Herdade da Pimenta

Herdade da Pimenta has been part of the Relvas business since 2001 with a first harvest in 2007. It's its location is also the headquarters of Casa  Relvas and housed within an ultra modern building that has received many accolades for its design and technology from around the world.                                        The Herdade itself consists of 150 hectares (371 acres). of vines.                                                                Grape Varieties::  Trincadeira, Alicante Bouschet, Touriga Nacional, Touriga Franca (Red) and Arinto, Viognier, Antao Vaz    

Note: Due to demand of its wine and other products, other vineyards are rented and managed by the team members. 

Alexandre Relvas Jr. .                                                                                                                                  I met  young Alex on my first visit to Portugal's Alentejo and stayed at Sa o Miguel for several days. I found the young man who was barely in his teens to be extremely inquisitive with an insatiable desire to learn. On my subsequent trips I made sure I visited Sao Miguel. Alex certainly was his father's son as his knowledge, responsibility and capable talent proved to have grown by leaps and bounds. No father could be prouder served. Alex has turned into a passionate wine maker  and capable director.

Nuno Franco                                                                                                                                                Nuno was the very first member of the team Sao Miguel that I met. It was in Toronto at an agency  called Hobbs & Co. Margaret Hobbs had invited me to meet an up and coming winemaker/consultant from Portugal and wanted me to taste his wine. Little did I know that I was on the verge of a great adventure which albeit started some years later but set in motion that day.                                                  Nuno is one of the gentlest and politest persons winemaker or not, that I have ever met. His gentle nature overpowers one as he describes his wines and reveals his amazing talent for making one of this planet's superb wine.                                                                                                                                      The last time I saw him was at the Pimenta Winery where we tasted some of its fine wine. On this occasion I did myself a big favour and just listened to Nuno do his magic. That was in 2012 and the time has come to meet again.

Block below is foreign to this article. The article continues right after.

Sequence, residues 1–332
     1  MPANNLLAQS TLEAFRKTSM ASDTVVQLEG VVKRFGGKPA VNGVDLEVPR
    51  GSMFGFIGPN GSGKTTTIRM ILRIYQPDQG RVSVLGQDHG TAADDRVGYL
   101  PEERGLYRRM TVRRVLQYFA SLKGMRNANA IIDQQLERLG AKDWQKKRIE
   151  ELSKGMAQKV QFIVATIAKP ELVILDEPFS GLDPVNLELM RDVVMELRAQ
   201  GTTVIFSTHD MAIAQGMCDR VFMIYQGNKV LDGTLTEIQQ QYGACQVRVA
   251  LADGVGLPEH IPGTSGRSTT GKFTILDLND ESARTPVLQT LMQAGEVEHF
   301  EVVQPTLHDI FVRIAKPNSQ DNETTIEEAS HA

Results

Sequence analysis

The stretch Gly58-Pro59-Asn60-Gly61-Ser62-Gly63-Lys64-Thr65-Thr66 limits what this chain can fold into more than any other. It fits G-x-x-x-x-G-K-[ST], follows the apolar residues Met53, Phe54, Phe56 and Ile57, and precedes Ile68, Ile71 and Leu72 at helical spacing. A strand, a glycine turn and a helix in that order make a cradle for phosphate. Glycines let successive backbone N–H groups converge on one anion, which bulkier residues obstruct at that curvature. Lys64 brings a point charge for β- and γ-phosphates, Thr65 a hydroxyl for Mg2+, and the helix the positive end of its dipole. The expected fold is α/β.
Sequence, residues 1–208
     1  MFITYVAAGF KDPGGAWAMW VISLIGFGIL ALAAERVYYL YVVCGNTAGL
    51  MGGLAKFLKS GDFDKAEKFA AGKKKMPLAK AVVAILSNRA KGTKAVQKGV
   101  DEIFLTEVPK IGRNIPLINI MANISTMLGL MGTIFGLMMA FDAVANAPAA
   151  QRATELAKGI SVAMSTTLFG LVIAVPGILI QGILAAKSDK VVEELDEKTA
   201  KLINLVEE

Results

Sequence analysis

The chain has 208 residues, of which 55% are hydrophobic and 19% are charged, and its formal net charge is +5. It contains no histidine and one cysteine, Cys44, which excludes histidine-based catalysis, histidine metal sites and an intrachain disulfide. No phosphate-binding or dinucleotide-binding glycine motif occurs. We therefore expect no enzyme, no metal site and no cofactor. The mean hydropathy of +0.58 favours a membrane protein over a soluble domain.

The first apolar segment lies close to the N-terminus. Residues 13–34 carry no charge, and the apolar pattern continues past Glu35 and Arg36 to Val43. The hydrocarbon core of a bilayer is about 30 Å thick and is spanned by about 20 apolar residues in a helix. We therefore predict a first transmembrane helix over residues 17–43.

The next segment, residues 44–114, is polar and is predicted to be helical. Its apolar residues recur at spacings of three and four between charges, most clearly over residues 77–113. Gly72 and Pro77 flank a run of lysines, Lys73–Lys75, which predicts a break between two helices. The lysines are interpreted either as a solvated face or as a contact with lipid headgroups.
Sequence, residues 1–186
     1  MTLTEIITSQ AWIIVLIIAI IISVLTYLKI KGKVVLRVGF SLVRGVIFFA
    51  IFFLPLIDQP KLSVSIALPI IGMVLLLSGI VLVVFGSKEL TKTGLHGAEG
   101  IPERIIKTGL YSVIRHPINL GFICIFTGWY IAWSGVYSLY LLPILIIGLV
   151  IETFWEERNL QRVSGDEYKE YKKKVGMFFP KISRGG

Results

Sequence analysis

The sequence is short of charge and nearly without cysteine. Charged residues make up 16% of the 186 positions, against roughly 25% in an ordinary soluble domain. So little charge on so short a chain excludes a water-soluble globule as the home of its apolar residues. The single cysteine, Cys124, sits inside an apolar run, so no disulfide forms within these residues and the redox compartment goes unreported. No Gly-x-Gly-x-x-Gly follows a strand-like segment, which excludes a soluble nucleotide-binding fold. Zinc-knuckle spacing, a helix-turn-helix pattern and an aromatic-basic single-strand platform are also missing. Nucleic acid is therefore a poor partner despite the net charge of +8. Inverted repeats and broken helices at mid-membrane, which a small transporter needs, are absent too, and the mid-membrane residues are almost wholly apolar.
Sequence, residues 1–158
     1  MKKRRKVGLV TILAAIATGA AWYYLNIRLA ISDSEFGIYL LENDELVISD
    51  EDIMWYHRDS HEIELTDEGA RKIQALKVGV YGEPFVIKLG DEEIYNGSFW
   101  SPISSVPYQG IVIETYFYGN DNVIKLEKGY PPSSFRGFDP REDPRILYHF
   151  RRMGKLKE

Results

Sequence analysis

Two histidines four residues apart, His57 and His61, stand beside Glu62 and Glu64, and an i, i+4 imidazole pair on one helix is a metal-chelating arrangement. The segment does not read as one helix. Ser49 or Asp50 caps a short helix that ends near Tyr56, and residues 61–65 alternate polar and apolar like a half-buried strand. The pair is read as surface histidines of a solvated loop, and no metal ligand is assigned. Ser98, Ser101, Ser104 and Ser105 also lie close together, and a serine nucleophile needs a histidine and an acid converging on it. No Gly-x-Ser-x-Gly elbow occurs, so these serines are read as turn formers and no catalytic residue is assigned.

Wines at the LCBO 

Herdade Sao Miguel 2017         Vintages #17515 

Grape: Touriga Nacional    Region: Alentejo         93/100 points                 $21.95                                   Colour: Red, clear    Nose: Black Cherry, plum and blackberry with nuances of anise, chocolate          Palate: Full, Sumptuous with superb long finish. Good now but so much better in one or two years       Note: Stock almost out so check store listings. New supply coming for December.

Herdade da Pimenta 2018           Vintages# 445114           91/100  points           $19.95                           Grape:  Alicante Bouschet, Touriga Nacional, Touriga Franca, Syrah, Cabernet Sauvignon    Colour: Dark Red, clear  Nose:  Dark Fruit, chocolate, anise  Palate: Round, firm and full with pleasant but prominent tannin and a finish of concentration.  Note: Wine is showing good now but will benefit from at least another year of aging. Will continue to develop for several years after. Great price for this level of wine. This wine has a strong blend of the first three grapes listed and has the additional international grapes for added flavour blend. The 2019 will just have the initial three in the blend.

Both  wines are available through Noble Estates   (905) 943-7272    3000 Steeles Ave East Suite 203

Markham , ON L3R 4T9    

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Sunday, May 23, 2021

Viva Portugal!

 Portugal's Diverse Viticulture

Portugal is smaller in size than many other countries. For example; The Canadian province of Ontario is 12 times its size and France is 6 times larger. However what Portugal lacks in size it makes up for in its demographic, geographic and culinary diversity. 

Stretching north to south----its outer edge shores follow along the Atlantic Ocean in the West, Mediterranean Sea in the South and Spain in the North and East. The Tagus River separates the northern from the southern  parts of Portugal and also acts as a divide between the mountainous and hilly north from the rolling and sandy plains of the south.  

Portugal's geography is quite variable thus, its wine regions are equally so. 


Situated in the South of Portugal is a wine region known for its Mediterranean Climate, beautiful beaches and almost endless sunlight (3000 hrs). The Serra de Monchique mountains that run between Alentejo and Algarve block the hot, dry winds from Alentejo and allows the moderating effects of both the Atlantic to the West and Mediterranean to the South. 

Sand, clay, limestone and schist make up the soil.

Traditional grape varieties range from  White Grapes: Siria (Roupeiro), Malvasia, Arinto and Monteudo (table grape) to Red Grapes: Periquita (Castelao), Tinta Negra. However a host of international grapes have become common. These include Trincadeira, Alvarinho, Cabernet Sauvignon, Chardonnay, Syrah, Tempranillo (Aragones) and Touriga Nacional..